BAGMAN:  "And you got a free weekend vacation just for listening...don't forget that." 

But we had agreed in advance that we were not about to buy a new Rainbow no matter what!  They are expensive and besides, we already had one!  We'd be firm -- even if our son was the salesman.

So Brian, the new vacuum cleaner salesman in the family took immediate advantage of the fact we had an old one and, under the watchful eye of his teacher-supervisor, had us bring it down and use it to vacuum a section of the rug.  I figured it was already clean to begin with, but Karen runs her mother's Rainbow over a section several times.  As far as I was concerned, you could eat off it.

Then Brian takes the NEW and Improved 2006 Model and takes two swipes at the same section of carpet.  Their secret weapon is black cheesecloth which they insert at the intake port.  They pull it out and our mouthes drop open.

There was a ton of dirt and cat hairs that had come from nowhere!!  They must have been buried so deep in the carpet that they came from some prehistoric strata!   And thus began a truly frightening discovery of how much dirt we've been missing.  (By "we", of course, I mean Karen since even though I help, she is the Cleaning Queen and I'm just a good subject.)   Black cheesecloth after black cheesecloth is inserted and taken out, always covered with amazing new dirt!  From the hardwood floor!  From the kitchen tile!  From our mattress, for Pete's sake!  How does dirt get on a mattress that is always covered with a matress pad, two sheets, and a spread??!

I'm watching Karen mostly, because her expressions of surprise and embarassment are priceless!  Brian is having a ball because he knows (1) what a cleanliness fanatic his mother is, and (2) that this machine really really sucks.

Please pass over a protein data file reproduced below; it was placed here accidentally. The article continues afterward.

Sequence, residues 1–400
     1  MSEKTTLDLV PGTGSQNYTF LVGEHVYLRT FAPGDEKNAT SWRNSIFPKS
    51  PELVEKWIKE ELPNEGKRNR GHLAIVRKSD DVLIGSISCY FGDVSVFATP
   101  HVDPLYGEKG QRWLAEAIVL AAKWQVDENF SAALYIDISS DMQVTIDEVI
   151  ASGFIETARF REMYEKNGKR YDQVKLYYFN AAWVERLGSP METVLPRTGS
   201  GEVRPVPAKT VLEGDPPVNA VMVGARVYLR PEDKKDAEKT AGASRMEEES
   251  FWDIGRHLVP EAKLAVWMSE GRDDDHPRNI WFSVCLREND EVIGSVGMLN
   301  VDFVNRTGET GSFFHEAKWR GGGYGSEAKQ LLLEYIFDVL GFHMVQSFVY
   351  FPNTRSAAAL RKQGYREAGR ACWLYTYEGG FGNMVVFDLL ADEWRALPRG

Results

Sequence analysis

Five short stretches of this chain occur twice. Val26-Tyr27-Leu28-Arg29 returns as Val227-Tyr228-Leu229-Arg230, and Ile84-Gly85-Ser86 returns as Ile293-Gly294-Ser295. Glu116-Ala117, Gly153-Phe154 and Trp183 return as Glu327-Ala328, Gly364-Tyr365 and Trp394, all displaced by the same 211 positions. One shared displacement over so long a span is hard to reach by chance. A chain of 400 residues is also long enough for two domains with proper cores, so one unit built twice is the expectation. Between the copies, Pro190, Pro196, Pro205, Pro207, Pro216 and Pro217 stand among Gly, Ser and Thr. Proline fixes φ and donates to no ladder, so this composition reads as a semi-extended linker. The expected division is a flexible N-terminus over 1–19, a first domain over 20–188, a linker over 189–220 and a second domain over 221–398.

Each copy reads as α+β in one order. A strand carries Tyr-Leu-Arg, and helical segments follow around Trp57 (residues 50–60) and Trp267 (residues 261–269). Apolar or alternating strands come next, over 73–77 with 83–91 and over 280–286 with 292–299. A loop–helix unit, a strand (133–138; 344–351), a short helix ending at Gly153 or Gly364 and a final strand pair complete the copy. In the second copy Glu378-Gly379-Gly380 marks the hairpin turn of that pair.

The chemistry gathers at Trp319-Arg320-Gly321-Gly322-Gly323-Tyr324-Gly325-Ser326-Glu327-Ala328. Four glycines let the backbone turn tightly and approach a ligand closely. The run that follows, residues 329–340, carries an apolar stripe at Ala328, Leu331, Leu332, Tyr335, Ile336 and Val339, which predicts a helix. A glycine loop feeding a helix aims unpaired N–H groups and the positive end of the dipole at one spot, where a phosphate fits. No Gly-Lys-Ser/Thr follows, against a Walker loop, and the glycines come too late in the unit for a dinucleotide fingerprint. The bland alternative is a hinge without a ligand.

BUTLER:  "You want to try a different word?"

And lo and behold, by the time the demonstration is finished, we are buying a new expensive but apparently worth it Rainbow and giving the old one to Brian.

BAGMAN:  "You probably just bought it from Brian because his supervisor was there!"

BUTLER: "Come on, Baggie!  Karen wants her son to look good but she follows the old motto that "Cleanliness is next to frugality." 

I thought it was "Godliness" but in any case the new Cadillac of Vacuums has taken over our house.  In fact, it refuses to stay in the closet because it even has this fancy air filtering function so it sits in the corner of a room humming softly, emitting a variety of scents, and cleaning the air so I won't have asthma or allergy attacks.

BAGMAN:  "But you don't have asthma or allergies!!"

BUTLER:  "But if he did..."

BAGMAN:  "I can't believe you agreed that this was a good idea!"

BUTLER:  "That's why I'm called 'Butler.'   And it's also bagless, BAGMan."

BAGMAN:  "Very funny."

Anyway, I need to stop writing, post this Blog, use the special wand to vacuum under the refrigerator, and then go to bed.  At least I know the matress is clean.

Okay...I clearly need to get back to blogging more

There are too many people I've come to care about.  Oh, dear, when will I find the time?!!!

BAGMAN:  Just make the time, you lazy fart!

BUTLER:  And it doesn't have to be a long one.